<p>The small widget is in stock.</p>

{% elseif size == 'large' %}

<p>The large widget is backordered.</p>

{% endif %}

Here the text changes dynamically based on the sizeDropdown value.

For multiple selections, you can check if a specific value is in the array:

{% if 'preorder' in entry.statusDropdown %}

<p>This item is available for preorder.</p>

{% endif %}

Conditionals allow tailoring theexperience based on the dropdown data.

Outputting the Field Itself

You can also output the full dropdown field directly using:

{{ entry.colorDropdown }}

This renders the dropdown with the options configurable in the CMS rather than just the saved value.

Useful for front-end authors editing content or to reuse the dropdown styles.

Twig provides everything needed to output dropdown values, implement dynamic logic, or display the full field itself. Combined with Craft's flexible templating and JSON data, dropdowns enable fine-tuned front-end experiences tailored to the structured data captured.

Populating Options Dynamically

Options from PHP Code

Rather than statically defining dropdown options in the Craft CMS admin UI, you can dynamically determine options on the fly using PHP code. To do this, first choose "PHP Code" as the source when creating your dropdown field. This will allow defining a custom PHP function that returns an array of options.

Within this function, you have full control to build the array however needed - integrate with other CMS data, query databases, hit external APIs, implement complex conditional logic, etc. The possibilities are endless compared to hardcoded admin configuration.

For example, you could have a function that checks the current day of the week, then returns a different set of options depending on whether it's a weekday or weekend. Or pull options from a MySQL database table that stores values entered by users on the front-end. The options array gets passed back to Craft to populate the dropdown seamlessly. So for advanced custom use cases, PHP code provides maximum flexibility.

Syncing with Data Sources

In addition to PHP code, dropdown options can be populated dynamically from external data sources outside of Craft itself. For example, your dropdown choices may live in a headless CMS like Contentful, a PostgreSQL database, a SaaS app's API, or even payment and CRM platforms.

Using their respective APIs and Craft plugins, you can sync and integrate these sources to dynamically drive your dropdown options. A real-world example is a "Product Categories" dropdown that queries a Shopify store's API to pull its latest categories.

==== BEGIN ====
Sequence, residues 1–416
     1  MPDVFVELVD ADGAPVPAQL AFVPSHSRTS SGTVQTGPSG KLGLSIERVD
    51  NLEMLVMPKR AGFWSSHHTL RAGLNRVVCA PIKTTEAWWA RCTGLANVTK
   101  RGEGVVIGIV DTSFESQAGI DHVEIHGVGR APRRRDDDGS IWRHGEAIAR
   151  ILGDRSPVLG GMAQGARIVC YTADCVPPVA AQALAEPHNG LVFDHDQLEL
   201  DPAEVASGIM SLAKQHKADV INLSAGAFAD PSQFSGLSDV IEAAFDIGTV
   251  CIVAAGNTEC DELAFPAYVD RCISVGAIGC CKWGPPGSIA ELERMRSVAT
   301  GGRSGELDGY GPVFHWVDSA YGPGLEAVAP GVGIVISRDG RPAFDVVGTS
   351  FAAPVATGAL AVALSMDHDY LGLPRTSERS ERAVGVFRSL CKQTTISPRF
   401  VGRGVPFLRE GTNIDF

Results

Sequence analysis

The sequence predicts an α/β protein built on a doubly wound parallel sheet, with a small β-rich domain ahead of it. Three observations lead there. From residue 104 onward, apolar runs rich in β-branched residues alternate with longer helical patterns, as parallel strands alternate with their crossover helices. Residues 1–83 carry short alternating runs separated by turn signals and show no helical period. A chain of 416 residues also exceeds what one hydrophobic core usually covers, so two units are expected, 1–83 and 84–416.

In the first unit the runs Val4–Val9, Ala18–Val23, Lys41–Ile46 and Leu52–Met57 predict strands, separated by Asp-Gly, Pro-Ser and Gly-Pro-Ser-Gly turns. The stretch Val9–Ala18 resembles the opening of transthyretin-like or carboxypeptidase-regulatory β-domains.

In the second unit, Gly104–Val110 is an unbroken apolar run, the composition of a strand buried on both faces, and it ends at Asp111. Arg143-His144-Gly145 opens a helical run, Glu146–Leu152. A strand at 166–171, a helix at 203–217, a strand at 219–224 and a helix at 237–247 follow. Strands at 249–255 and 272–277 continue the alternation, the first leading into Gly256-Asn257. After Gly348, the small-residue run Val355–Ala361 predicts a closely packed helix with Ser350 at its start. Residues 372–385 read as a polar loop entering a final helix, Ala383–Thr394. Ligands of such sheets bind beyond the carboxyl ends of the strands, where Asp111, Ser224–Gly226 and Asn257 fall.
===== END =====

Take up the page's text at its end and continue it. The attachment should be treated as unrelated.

Now whenever the category list changes in Shopify, your dropdown updates instantly as well, always in sync.

When to Use Dynamic Options

Some examples of when dynamic configuration is useful: complex conditional logic dependent on multiple factors, frequently changed external data, large lists that are easier to manage programmatically, aggregating options from diverse sources, and advanced customization needs.

In summary, rely on simple hardcoded options for small, static datasets. But utilize dynamic PHP code and external APIs for large, complex, frequently updated option lists requiring maximum flexibility. Just be mindful of performance, failovers, security, and testing. With proper precautions, dynamic population unlocks new levels of power and interconnectivity.

Dynamically populating dropdown options via PHP code and external API integration provides limitless possibilities compared to static admin configuration. Syncing options with live data sources ensures they stay current across systems while enabling advanced customization logic. When carefully implemented, dynamic dropdowns greatly extend interoperability and customization in Craft CMS.

Using in Front-End Forms

Output as Form Input

In addition to the control panel, dropdown fields in Craft CMS can be output on the front-end as part of HTML forms for user input.

For example, you may want to collect data like contact preferences or interests:

<form method="post">

{# Output dropdown #}

{{ entry.contactMethod }}